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Beekeeper creates a buzz


RACHELLE AGARD

Beekeeper creates a buzz

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For Eric Young, helping the bees is all he wants to do. The veteran beekeeper, with 30 years’ experience as a teacher and ten years as a beekeeper says as a good beekeeper you must know the bee, listen to the bee and watch the bee.

“Follow the bee; understand the bee. I only want to help the bees, produce more bees, help them survive and help anyone who wants to get into beekeeping.”

Organic beekeeping is somewhat of a new phenomenon in Barbados and bees are important to society as two thirds of our food depends on the honey bee. Cucurbits (cucumbers, pumpkin, and squash) and citrus trees would not produce crops without the pollination of bees.

The insect helps any plant that uses the pollination process to reproduce. In fact, bees are so useful that the honey which they provide is the only food known to man that will not spoil. Known as the only food that will sustain life, you can eat only honey and live – in dire cases of emergency.

Young, in collaboration with the Caribbean Permaculture Research Institute (CPRI), started a series of beekeeping courses at the Ministry of Agriculture in Graeme Hall, Christ Church. The workshop, which was held last month, was such a success that there was another scheduled for yesterday.

“CPRI is doing a tremendous job in permaculture and highlighting beekeeping on the island. We have set up workshops to educate people on organic beekeeping as the best way forward. The reality is Barbados needs more beekeepers. You can never have enough beekeepers,” he said.

No treatment or chemicals are involved in organic beekeeping. Bees are fed only honey and pollen, so what you get is a clean, chemical-free honey along with healthy bees in balance with nature.

Besides honey found in the hive, there are other elements that can be used. Propolis, the “glue” that bees make to hold everything together in the hive, is believed by some experts to be a cure for cancer. In ancient times honey was used to heal abscesses and wounds and as a remedy for sickness. Similarly, beeswax is used to make cosmetics, for batik making and in the waterproofing of shoes.

The North American bee does not operate like the Caribbean bee. “It was somewhat of a battle getting the bees to stay initially in the apiary,” Young said.

“This bee does not have to worry about over wintering. It does not have to stay in one place and they tend to abscond or move out. It wasn’t until I put all the pieces together in St John that they stopped absconding. All a bee needs is to be left alone, with forage and a clean water source.”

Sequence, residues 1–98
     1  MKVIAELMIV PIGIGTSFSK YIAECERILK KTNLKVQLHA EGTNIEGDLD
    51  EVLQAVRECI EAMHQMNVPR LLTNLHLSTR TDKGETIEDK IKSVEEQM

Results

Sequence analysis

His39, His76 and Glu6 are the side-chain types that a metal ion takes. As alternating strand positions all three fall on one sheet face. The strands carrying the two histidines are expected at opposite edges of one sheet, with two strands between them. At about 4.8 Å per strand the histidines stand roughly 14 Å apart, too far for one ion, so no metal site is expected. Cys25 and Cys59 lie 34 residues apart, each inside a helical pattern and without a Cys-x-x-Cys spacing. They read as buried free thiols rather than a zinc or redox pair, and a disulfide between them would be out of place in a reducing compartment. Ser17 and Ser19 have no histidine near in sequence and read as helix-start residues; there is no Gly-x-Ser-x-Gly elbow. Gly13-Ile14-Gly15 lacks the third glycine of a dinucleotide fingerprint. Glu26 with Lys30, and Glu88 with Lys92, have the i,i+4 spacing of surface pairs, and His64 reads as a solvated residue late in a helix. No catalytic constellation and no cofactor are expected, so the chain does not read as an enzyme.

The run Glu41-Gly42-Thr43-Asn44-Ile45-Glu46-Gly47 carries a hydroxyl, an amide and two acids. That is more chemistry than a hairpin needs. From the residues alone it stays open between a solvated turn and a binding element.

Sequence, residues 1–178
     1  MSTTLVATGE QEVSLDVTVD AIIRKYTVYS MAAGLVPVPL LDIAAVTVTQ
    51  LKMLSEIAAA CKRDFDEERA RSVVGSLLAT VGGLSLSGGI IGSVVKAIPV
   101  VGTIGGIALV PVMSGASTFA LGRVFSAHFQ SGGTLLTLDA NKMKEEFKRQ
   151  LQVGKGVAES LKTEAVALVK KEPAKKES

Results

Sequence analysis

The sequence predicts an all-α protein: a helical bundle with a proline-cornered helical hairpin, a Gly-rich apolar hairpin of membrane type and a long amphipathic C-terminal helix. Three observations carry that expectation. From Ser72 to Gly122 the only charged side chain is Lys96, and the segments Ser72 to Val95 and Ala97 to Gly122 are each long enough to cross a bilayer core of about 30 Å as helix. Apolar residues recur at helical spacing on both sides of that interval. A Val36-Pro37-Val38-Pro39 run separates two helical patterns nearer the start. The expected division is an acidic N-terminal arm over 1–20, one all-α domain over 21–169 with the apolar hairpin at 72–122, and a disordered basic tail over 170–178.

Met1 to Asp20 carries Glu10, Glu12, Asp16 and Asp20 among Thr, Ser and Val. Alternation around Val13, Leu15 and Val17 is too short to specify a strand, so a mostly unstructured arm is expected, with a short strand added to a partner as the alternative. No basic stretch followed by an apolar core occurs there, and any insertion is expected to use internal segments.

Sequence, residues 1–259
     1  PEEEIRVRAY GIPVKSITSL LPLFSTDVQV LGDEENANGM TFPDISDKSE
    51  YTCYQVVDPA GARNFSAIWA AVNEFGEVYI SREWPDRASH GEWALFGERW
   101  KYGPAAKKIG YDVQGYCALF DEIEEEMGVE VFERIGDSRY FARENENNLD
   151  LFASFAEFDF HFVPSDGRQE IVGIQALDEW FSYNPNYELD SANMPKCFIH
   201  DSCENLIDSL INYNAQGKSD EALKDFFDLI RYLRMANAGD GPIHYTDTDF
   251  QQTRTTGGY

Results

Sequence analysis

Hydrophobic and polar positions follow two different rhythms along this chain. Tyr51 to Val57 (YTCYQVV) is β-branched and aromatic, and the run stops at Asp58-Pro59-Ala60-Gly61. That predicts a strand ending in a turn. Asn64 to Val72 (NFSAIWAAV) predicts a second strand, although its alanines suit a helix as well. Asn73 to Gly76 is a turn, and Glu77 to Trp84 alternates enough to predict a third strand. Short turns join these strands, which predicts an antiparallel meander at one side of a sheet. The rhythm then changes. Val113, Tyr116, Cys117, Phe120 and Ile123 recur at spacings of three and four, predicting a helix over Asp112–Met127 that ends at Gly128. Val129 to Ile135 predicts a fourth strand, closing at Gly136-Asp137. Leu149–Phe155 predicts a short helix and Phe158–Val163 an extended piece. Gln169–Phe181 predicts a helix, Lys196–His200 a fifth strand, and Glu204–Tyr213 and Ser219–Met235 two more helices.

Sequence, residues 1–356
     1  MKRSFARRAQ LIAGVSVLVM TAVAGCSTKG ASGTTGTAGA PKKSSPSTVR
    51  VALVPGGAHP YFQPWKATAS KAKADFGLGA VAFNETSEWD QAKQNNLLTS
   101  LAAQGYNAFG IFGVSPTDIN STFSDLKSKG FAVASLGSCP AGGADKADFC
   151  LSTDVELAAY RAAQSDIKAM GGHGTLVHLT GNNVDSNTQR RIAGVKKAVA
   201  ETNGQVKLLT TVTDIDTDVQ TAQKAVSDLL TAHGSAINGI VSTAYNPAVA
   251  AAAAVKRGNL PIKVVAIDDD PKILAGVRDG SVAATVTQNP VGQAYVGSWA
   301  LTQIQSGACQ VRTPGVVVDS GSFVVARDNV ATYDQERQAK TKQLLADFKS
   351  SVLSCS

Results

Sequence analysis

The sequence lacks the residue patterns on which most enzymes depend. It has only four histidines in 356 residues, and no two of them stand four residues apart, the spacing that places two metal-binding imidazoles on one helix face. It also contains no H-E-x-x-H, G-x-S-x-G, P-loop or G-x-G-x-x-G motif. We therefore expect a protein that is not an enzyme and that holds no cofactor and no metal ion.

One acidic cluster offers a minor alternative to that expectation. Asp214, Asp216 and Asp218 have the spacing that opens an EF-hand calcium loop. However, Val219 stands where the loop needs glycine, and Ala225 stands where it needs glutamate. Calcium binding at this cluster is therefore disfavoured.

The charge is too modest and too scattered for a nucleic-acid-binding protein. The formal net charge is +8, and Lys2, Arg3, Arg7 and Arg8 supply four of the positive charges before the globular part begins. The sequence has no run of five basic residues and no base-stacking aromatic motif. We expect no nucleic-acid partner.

Young, who has an apiary or bee yard in St John, says he puts out boxes and allows the bees to swarm or create new colonies as they see fit. An apiary holds as many boxes as the land allows and is created to have a look that is similar to an apartment complex.

With the recent drought, the bees have stopped swarming as frequently as before. “The drought has affected the bees and they have not been swarming as much because they know if they do, they will not have the resources to survive,” Young explained.

He believes the average Barbadian is scared of bees and more inclined to get rid of hives spotted close to their homes. However, if bees were considered livestock and not pests, there would be a better appreciation of them, he said. Like other animals and humans, bees get defensive when threatened. Honey bees are not aggressive unless they feel there is a threat to the colony.

Young, who on average removes one hive each month, was in the process of removing a colony in Horse Hill, St Joseph, when the EASY magazine team met up with him. He was very careful and precise in his method, detailing each step as he went along.

“Beekeeping is not seen as a serious business here, but with the ongoing workshops, I hope that we can expand the beekeeping community and by extension educate the public on the importance of the honey bee,” he concluded.

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